Another indication of the uneasy status of the Polish Stalinists is their recent flirtation with sections of the Catholic Church. The infamous Cardinal Hlond, fascist and anti-Semite, is frankly in opposition to the Stalinist government from the point of view of the old landowners, who would like a return to a Pilsudski-like dictatorship; but there is another tendency in the Catholic hierarchy which is flirting, however sedately, with the Stalinists. Cardinal Sapieha of Cracow has written in his weekly Tygodnik Poweszechny, that he would like to participate in the “constructive work” of the Stalinist government but that certain difficulties stand in the way. The Stalinists have greeted this declaration with careful interest; the weakness of their base among the Polish masses has become so obvious that they are looking in all directions for buttresses.

In the meantime, the economic crisis in the country becomes sharper. The London Tribune reports that:

“... free market food prices in the towns ... are four times higher than formerly. The sudden rise in the basic cost of living has produced a series of unofficial strikes in the textile and mining industries ... State factories have been compelled to buy food at market prices and sell it in their canteens at highly subsidized prices; industrial costs, which are high because production is still so slow, have since increased. Shortages and high prices of industrial goods in turn have increased the peasants’ tendency to hoard.”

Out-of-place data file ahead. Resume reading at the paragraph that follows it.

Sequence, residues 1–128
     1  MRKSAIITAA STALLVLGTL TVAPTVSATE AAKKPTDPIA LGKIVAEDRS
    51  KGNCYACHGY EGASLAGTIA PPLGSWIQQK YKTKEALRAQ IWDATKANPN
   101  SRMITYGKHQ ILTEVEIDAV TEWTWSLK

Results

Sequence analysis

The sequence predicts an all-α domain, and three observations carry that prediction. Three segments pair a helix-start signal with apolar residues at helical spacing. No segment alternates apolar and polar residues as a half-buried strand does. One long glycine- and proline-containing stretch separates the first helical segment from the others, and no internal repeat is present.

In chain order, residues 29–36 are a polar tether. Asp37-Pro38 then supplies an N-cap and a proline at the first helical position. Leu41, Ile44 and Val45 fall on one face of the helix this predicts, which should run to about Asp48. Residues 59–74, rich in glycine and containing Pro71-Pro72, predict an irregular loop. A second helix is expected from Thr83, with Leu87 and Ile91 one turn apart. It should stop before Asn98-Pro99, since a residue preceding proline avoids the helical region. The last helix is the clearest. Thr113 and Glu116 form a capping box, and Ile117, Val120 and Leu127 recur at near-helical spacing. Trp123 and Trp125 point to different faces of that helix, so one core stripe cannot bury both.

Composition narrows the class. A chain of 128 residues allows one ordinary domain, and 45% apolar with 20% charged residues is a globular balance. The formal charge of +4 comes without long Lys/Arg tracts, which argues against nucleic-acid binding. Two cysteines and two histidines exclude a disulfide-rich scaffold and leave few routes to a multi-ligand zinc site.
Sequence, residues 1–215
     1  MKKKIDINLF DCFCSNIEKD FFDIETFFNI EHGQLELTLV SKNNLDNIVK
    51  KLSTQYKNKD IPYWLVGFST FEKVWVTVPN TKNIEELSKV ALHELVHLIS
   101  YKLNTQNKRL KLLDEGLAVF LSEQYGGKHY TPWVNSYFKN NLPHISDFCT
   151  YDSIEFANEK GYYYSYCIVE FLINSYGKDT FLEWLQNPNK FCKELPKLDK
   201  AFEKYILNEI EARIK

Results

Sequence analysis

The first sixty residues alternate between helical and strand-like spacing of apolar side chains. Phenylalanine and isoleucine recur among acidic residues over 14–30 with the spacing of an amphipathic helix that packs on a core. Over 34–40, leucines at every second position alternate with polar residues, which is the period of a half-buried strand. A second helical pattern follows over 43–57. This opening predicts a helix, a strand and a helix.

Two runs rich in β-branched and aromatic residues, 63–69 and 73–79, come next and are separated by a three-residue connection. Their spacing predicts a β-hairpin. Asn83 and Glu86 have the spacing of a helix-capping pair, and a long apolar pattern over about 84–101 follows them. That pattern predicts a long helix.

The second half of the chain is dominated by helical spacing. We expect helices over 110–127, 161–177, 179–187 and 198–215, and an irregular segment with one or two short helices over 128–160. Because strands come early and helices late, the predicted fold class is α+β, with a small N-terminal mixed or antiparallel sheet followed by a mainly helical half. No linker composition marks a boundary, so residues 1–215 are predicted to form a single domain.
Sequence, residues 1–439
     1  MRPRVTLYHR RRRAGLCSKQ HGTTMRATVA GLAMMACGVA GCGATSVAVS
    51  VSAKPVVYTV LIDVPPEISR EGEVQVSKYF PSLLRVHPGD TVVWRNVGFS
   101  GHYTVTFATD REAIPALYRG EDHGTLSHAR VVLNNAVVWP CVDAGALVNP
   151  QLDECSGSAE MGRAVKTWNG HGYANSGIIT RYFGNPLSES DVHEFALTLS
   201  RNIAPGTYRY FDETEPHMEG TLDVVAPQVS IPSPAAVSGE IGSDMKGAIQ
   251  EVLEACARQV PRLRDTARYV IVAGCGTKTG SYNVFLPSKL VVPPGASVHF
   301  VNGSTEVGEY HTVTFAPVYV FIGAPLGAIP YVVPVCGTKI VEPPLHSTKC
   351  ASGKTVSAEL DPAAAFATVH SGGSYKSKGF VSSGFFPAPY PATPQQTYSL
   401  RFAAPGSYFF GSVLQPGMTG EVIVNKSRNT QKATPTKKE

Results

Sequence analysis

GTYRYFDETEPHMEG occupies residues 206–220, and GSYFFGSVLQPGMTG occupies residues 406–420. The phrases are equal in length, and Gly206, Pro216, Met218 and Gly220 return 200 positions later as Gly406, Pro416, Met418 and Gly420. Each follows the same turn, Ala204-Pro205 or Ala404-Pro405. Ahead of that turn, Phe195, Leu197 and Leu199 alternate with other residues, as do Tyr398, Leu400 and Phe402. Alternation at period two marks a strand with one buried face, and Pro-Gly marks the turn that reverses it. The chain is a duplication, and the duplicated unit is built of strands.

Increasing Instability of Regime

Together with economic disorganization goes political instability. We have already mentioned several indications that the Stalinists are jittery about the forthcoming elections. There are still others. In early August the government initiated a drive to destroy the armed bands of the illegal opposition. The clashes have in some areas reached the proportions of a small-scale civil war, but the opposition has not been crushed.

Having failed thus far in the use of armed force, the government tried cajolery toward another section of the opposition. When, in early August, the Catholic “Labor Party” applied for permission to hold a party congress, the government consented if ... the Catholic group would agree in advance to participate in a single ticket electoral bloc. Rather than agree, the Catholic party refused to hold its congress.

These developments are the latest in a long series which indicate that the present Polish government would collapse in a week if Russian army bayonets were withdrawn. There is no space here to analyze in detail the political situation in Poland; that has been excellently done in the September issue of The New International. The facts reported in this column, however, give additional evidence to the assertion that a first-rate political crisis is brewing in Poland in which large sections of the masses are stirring to rid themselves of the tyrannical puppets whom the Stalinist army has placed over them.

Howe Archive   |   Trotskyist Writers Index   |   ETOL Main Page

Last updated: 3 April 2020